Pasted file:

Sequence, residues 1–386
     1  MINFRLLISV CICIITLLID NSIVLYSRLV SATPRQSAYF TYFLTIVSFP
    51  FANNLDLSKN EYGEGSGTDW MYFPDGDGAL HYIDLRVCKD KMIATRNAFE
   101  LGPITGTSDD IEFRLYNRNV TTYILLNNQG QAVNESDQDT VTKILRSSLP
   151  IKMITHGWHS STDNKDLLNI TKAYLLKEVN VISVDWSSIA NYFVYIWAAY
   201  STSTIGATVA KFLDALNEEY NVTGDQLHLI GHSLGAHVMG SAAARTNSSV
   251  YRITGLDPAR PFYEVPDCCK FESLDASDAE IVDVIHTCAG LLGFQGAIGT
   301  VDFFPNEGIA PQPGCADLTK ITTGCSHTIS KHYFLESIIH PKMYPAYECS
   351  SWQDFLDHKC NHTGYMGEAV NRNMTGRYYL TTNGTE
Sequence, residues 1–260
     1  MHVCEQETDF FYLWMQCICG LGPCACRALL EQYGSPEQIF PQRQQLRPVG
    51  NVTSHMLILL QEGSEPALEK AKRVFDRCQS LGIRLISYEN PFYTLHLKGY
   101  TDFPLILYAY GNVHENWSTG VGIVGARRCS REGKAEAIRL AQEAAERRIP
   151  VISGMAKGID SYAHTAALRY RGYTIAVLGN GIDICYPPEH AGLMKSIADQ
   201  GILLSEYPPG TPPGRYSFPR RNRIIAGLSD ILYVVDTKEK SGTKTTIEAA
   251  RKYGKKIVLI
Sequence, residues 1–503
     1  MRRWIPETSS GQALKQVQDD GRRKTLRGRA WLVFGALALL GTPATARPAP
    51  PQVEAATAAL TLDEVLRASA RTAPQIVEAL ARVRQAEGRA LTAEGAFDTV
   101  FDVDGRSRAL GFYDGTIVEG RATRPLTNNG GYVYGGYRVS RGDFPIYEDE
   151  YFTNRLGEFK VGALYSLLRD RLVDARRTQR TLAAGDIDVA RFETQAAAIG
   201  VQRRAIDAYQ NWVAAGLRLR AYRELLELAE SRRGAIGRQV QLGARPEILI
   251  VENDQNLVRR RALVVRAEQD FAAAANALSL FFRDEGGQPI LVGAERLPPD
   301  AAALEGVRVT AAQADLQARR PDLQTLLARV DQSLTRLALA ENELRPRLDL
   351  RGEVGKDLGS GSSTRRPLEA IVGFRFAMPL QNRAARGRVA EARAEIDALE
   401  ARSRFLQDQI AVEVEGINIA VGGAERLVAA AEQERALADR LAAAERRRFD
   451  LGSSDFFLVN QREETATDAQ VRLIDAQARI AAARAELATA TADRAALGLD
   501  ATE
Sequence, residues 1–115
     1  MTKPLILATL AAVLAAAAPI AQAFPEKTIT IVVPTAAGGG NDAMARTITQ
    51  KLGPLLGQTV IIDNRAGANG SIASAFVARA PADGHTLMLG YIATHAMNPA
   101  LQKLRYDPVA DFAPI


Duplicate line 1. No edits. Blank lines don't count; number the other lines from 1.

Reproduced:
Sequence, residues 1–386